My recent posts at World-Architects


Friday, March 23, 2018

Stephen Shore's "Uncommon Places" Today

Over at World-Architects I did a write-up of Image Building, an exhibition that opened last weekend at the Parrish Art Museum. Some of my favorite images in the exhibition, which "explores the many connections found among viewer, photographer, and architect, from the 1930s to the present," are by Steven Shore. I didn't include him in my write-up, so I'm focusing on him here, specifically his Uncommon Places series from the 1970s. Sparsely populated, and with rich colors and tones, his photographs exude Hopper-esque qualities.

When thinking about what to say about his photos, I decided to jump into Google Street View and find the locations, so see how much they've changed. It was not a hard feat, given that Shore labeled his photographs as the intersections where he took them. Even if via an app instead of in person, it was fun to come across the same spots that he depicted back then. Below are nine of his photographs and nine embedded Street Views. In some cases, the differences between then and now are not very great, as in the first photo, but in many there's only one building or other element that spans the last 40-plus years.

Church Street and Second Street, Easton, Pennsylvania, June 20, 1974

Second Street, East and South Main Street, Kalispell, Montana, Aug 22, 1974

Thirty-First Avenue and Crescent Street, Queens, New York, October 28, 1974

Holden Street, North Adams, Massachusetts, July 13, 1974

West Fifteenth Street and Vine Street, Cincinnati, Ohio, May 15, 1974

Broad Street, Regina, Saskatchewan, August 17, 1974

Beverly Boulevard and La Brea Avenue, Los Angeles, California, June 21, 1975

West Market Street and North Eugene Street, Greensboro, North Carolina, January 23, 1976

U.S. 93, Wikieup, Arizona, December 14, 1976

Thursday, March 22, 2018

Map Review: Concrete Chicago Map

Concrete Map Chicago edited by Iker Gil
Blue Crow Media, 2018
Double-sided, 16.54 x 23.39 inches

Think "Chicago architecture" and most likely concrete doesn't spring to mind. Brick, as in the Prairie houses of Frank Lloyd Wright, for sure. And steel, of course, in the towers of Ludwig Mies van der Rohe and his followers. But think deeper: Frank Lloyd Wright designed the masterful Unity Temple in Oak Park, which left its concrete frame exposed. And before his influential 860-880 Lake Shore Drive apartment towers, Mies built the Promontory Apartments in Hyde Park, which likewise exposed its concrete structure. Although these two concrete buildings are not included in Concrete Chicago Map, they signal that the material was not completely alien to the Windy City. It would take architects working in the 1960s and later — those looking to move beyond the restrictions of these two, ever-present giants — to fully explore concrete's potential across Chicago and its suburbs.

The indefatigable Iker Gil — architect at MAS Studio, editor-in-chief at MAS Context, and associate curator of this year's US Pavilion at the Venice Biennale — edited the Concrete Chicago Map, which consists of a map on one side and an alphabetical list of its 52 buildings with photos of 20 of them on the other side. The latter is accompanied by Gil's short introduction, which calls out two other architects (not Wright and Mies) whose work stands out in the second half of the 20th century: Bertrand Goldberg and Walter Netsch.

Netsch, one of SOM's more idiosyncratic designers, was responsible for the masterplan and many of the buildings at University of Illinois at Chicago. A quick scan of the map reveals clusters of buildings at UIC Circle campus but also at the University of Chicago and Northwestern University. Apparently concrete was embraced most enthusiastically at academia more than elsewhere in Chicago.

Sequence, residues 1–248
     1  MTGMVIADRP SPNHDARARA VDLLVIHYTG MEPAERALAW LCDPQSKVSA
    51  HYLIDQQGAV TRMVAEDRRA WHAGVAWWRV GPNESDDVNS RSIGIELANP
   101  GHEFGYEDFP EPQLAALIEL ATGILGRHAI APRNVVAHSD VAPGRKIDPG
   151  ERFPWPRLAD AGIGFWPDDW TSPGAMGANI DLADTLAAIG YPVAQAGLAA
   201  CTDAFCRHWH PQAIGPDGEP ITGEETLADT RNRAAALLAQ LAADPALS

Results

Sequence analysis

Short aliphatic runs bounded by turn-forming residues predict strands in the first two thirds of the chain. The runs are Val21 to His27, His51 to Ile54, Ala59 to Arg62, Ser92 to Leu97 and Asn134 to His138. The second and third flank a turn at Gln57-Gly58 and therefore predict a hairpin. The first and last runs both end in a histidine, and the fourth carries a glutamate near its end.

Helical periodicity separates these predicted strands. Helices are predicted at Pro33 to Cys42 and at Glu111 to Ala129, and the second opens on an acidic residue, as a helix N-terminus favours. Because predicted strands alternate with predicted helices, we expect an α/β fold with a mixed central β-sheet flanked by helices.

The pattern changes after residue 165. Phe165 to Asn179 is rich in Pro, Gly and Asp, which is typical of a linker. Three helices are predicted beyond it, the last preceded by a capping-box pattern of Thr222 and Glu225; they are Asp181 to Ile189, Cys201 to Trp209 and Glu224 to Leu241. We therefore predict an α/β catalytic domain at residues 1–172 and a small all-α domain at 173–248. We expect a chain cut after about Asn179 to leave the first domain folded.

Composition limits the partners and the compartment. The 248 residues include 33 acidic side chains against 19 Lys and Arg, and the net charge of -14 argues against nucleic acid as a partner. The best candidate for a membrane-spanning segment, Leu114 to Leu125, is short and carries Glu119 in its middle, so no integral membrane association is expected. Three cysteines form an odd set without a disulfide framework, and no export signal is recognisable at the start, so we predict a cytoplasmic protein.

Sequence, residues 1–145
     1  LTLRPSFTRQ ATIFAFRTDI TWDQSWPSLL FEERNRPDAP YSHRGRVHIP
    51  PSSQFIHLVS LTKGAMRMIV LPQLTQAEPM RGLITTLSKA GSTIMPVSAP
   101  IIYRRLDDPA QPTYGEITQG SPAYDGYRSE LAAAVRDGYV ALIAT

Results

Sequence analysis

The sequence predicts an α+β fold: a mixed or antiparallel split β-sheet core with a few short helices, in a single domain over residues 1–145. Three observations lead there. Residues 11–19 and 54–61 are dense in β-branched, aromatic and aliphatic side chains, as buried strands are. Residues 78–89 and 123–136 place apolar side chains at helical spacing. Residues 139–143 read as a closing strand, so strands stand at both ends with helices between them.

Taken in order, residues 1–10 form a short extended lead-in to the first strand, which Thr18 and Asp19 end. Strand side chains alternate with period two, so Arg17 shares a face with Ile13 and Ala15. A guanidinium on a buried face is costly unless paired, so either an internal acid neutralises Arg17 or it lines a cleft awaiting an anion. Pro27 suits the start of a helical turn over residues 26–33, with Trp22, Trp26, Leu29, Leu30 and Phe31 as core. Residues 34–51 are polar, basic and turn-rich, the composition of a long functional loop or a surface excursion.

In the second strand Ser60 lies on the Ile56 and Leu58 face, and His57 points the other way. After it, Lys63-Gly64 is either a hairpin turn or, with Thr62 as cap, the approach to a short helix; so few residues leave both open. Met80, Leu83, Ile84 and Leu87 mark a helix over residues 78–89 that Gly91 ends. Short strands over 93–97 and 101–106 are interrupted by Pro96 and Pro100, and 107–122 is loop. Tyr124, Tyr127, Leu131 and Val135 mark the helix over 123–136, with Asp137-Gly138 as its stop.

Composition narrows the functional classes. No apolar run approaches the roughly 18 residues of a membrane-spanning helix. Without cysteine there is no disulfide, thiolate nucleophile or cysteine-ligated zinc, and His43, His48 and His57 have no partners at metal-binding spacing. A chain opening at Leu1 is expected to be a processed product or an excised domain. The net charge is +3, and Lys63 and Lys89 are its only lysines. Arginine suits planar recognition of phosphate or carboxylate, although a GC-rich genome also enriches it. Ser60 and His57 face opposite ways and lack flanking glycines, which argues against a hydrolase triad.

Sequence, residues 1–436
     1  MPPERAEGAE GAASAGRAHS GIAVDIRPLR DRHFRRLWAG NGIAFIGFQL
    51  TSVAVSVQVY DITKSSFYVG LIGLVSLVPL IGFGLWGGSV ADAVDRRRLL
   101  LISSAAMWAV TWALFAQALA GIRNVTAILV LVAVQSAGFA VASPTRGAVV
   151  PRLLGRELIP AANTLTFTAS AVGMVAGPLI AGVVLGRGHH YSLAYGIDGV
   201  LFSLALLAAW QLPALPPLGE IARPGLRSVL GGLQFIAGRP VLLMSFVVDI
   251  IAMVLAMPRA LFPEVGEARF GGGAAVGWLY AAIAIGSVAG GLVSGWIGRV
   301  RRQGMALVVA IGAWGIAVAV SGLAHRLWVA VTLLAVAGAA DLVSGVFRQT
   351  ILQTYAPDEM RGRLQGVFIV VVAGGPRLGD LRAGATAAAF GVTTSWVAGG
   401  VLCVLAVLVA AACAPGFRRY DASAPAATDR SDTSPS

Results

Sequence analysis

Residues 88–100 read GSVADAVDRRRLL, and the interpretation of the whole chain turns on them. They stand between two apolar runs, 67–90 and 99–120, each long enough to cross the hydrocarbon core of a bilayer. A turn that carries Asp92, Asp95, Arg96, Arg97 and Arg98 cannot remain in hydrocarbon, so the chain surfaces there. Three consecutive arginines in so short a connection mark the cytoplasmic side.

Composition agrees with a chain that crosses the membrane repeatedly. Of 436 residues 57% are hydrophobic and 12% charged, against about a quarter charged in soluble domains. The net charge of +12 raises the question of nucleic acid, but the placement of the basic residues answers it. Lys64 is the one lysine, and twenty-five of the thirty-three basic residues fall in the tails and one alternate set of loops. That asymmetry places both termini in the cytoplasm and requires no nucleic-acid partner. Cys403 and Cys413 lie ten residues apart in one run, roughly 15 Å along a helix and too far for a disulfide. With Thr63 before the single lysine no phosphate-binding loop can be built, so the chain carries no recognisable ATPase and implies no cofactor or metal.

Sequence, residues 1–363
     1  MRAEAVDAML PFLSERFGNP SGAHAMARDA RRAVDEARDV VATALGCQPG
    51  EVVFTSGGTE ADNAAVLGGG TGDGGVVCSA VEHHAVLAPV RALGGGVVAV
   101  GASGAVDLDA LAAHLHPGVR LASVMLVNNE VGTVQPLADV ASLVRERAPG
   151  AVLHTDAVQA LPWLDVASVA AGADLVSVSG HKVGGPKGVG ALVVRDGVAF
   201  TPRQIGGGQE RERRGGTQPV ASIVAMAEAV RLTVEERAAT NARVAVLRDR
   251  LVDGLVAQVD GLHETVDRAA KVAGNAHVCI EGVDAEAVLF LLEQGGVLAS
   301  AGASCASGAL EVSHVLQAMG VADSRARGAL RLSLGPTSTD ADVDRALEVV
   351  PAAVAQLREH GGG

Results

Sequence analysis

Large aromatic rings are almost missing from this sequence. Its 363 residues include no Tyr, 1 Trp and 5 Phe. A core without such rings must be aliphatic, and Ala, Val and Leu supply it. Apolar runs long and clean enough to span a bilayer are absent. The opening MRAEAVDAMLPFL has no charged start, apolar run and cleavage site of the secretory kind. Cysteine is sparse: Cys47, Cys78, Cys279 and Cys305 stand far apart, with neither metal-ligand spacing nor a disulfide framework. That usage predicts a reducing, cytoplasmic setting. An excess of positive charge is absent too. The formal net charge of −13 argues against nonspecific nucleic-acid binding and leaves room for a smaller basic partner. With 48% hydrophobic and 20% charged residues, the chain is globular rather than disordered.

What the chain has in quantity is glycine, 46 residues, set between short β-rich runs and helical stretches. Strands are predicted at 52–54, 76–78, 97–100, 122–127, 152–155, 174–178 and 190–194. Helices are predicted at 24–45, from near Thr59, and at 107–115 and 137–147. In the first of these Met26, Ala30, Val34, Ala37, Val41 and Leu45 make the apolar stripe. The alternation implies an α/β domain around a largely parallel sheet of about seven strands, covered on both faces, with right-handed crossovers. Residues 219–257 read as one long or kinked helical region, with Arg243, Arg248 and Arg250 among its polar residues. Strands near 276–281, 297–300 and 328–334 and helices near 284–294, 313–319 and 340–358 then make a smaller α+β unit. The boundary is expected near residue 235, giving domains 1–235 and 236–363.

Goldberg designed Wilbur Wright College, but he is best known for Marina City, whose concrete "corn cobs" were recently landmarked. His Prentice Women's Hospital, unfortunately, was less appreciated and met the wrecking ball in 2014. This fact is pointed out by Gil, in effect turning the map into an argument for preserving buildings that might meet a similar fate if they're not appreciated for their architectural merits.

[St. Mary of Nazareth Hospital by Perkins+Will. Photo © Jason Woods for Blue Crow Media]

As somebody very familiar with Chicago architecture, Concrete Chicago Map, though handsome, provides few surprises, making it ideal for travelers less versed in its architectural wonders. But surprises there are: Errol Jay Kirsch's expressionistic mass of concrete in Oak Park, the bastion of Wright, and Salvatore Balsamo's Kingdom Hall of Jehovah's Witnesses in Northbrook, to name just two. The latter is not nearly as striking as any buildings by Goldberg or Netsch or even Jeanne Gang, a contemporary architect who fully embraces the material. I point it out since it's located in the suburb I called home for the first 20-odd years of my life (it's actually just a few blocks from the architect's office I worked at in high school), but somehow I never noticed it. This building reveals how Concrete Chicago Map extends well beyond the academic bastions of concrete and those notable examples in around the Loop, and it shows how some great architecture is right around the corner from where we live or work — we just have to know where to look. Too bad this map wasn't around for me back then.

[Science and Engineering South by Skidmore, Owings & Merrill. Photo © Jason Woods for Blue Crow Media]

Concrete Map Chicago and other maps can be purchased at Blue Crow Media.

Wednesday, March 21, 2018

Nice Adaptive Reuse

Yesterday, a nice pool struck my fancy. Today it's this adaptive reuse project: a creamery in Buenos Aires.

According to Hitzig Militello Arquitectos, who were inspired by precious stones and the below-zero, granite-slab preparation of the ice cream, "The new diamond-like structure dialogues morphologically with the pitched roofs of a 20th century chalet." Covered in metal tiles and glass panels, the expansion is clearly contemporary but cleverly wed to the original. I like, for instance, the way two of three dormers on the side of the original are brought inside the expansion.

These photos reveal how the spaces flow between new and old...